TANAMI counterparts to IceCube high-energy neutrino events

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Felicia Krauß, Bingjie Wang, Claire Baxter, Matthias Kadler, Karl Mannheim, Roopesh Ojha, Christina Gräfe, Cornelia Müller, Joern Wilms, Bryce Carpenter, Robert Schulz, TANAMI counterparts to IceCube high-energy neutrino events, 2015https://arxiv.org/abs/1502.02147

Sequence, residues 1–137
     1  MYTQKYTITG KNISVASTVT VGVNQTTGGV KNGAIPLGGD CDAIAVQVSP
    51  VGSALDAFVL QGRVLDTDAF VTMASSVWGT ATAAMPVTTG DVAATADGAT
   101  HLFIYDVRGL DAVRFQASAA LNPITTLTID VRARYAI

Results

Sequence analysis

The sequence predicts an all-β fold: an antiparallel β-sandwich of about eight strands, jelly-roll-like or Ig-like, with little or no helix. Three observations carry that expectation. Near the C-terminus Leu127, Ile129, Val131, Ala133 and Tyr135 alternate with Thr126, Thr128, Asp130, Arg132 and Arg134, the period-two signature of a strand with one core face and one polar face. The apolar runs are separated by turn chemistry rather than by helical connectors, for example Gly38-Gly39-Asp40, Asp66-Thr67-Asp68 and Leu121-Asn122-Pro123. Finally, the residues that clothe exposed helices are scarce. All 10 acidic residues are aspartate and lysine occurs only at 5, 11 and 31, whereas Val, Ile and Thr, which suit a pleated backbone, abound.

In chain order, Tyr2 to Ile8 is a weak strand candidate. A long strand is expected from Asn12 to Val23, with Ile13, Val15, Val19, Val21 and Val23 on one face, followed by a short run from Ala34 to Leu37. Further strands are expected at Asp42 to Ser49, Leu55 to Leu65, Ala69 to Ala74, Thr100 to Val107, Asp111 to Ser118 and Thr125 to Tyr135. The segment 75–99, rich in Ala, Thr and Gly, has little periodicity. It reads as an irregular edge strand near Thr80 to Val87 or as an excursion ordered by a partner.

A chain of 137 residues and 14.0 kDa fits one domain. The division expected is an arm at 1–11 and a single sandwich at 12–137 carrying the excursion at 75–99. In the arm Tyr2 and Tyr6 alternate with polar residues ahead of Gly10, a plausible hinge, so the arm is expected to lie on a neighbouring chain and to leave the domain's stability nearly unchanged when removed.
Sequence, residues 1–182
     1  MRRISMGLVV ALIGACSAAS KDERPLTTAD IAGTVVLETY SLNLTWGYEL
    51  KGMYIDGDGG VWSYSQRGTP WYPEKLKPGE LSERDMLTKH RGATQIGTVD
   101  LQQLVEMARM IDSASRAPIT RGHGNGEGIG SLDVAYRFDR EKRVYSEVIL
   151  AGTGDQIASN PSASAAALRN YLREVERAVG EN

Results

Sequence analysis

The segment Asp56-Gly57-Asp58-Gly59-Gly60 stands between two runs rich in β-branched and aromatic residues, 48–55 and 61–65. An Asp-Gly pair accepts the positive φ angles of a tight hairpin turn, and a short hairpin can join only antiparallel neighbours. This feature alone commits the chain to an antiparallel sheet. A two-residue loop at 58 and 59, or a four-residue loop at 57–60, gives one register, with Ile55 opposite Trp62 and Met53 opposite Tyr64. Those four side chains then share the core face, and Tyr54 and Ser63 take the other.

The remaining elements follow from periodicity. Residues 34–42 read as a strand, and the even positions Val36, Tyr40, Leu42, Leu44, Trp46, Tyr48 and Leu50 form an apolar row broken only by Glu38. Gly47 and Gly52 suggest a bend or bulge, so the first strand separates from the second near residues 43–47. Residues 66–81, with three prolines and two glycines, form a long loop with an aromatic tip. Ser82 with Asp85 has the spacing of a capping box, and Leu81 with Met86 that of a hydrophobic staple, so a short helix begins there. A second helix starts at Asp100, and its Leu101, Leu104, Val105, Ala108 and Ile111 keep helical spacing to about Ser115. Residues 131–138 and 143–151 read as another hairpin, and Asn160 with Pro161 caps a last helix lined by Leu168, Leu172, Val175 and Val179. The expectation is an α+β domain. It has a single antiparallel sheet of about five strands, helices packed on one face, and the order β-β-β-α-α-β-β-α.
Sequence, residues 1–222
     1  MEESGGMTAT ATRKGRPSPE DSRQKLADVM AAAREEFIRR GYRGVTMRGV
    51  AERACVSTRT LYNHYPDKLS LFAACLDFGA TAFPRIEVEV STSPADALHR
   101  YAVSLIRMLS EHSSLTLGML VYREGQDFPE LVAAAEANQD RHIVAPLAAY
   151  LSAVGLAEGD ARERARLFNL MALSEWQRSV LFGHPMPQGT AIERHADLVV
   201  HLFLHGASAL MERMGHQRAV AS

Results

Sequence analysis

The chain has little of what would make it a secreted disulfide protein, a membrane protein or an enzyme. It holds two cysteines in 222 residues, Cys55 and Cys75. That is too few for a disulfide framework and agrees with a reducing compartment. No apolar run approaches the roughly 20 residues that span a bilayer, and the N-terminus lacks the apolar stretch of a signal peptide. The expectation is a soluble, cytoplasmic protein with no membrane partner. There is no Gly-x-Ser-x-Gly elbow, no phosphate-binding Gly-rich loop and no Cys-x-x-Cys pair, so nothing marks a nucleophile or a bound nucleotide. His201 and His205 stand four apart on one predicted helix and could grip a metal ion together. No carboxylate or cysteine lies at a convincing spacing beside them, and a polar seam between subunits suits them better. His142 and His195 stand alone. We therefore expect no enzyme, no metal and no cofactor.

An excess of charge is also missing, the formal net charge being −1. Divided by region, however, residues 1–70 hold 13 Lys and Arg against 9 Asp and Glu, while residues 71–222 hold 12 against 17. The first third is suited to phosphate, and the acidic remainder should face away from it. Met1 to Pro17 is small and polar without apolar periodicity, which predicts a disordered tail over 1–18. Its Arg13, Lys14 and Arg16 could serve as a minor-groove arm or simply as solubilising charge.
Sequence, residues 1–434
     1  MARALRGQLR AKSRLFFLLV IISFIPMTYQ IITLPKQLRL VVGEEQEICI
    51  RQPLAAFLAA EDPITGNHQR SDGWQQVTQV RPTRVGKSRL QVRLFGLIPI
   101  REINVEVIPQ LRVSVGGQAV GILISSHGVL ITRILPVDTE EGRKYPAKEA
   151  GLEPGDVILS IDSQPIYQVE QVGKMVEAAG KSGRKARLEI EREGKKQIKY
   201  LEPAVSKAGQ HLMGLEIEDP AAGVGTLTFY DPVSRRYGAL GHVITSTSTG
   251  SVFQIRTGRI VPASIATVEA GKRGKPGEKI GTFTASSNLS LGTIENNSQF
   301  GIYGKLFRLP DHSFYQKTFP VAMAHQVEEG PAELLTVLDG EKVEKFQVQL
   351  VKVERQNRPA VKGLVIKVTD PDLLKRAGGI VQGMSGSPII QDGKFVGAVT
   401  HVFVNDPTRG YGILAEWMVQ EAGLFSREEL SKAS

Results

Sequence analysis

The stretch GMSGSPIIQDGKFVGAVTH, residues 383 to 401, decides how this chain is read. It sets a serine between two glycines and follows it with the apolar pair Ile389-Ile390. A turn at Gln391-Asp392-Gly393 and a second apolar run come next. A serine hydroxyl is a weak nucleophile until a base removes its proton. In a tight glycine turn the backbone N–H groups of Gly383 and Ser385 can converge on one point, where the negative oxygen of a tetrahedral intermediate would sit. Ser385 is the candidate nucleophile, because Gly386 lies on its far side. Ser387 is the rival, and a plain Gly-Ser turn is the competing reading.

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Since the discovery of a neutrino flux in excess of the atmospheric background by the IceCube Collaboration, searches for the astrophysical sources have been ongoing. Due to the steeply falling background towards higher energies, the PeV events detected in three years of IceCube data are the most likely ones to be of extraterrestrial origin. Even excluding the PeV events detected so far, the neutrino flux is well above the atmospheric background, so it is likely that a number of sub-PeV events originate from the same astrophysical sources that produce the PeV events. We study the high-energy properties of AGN that are positionally coincident with the neutrino events from three years of IceCube data and show the results for event number 4. IC 4 is a event with a low angular error (7.1°) and a large deposited energy of 165 TeV. We use multiwavelength data, including Fermi/LAT and X-ray data, to construct broadband spectra and present parametrizations of the broadband spectral energy distributions with logarithmic parabolas. Assuming the X-ray to {\gamma}-ray emission in blazars originates in the photoproduction of pions by accelerated protons, their predicted neutrino luminosity can be estimated. The measurements of the diffuse extragalactic background by Fermi/LAT gives us an estimate of the flux contributions from faint unresolved blazars. Their contribution increases the number of expected events by a factor of ∼2. We conclude that the detection of the IceCube neutrinos IC4, IC14, and IC20 can be explained by the integral emission of blazars, even though no individual source yields a sufficient energy output.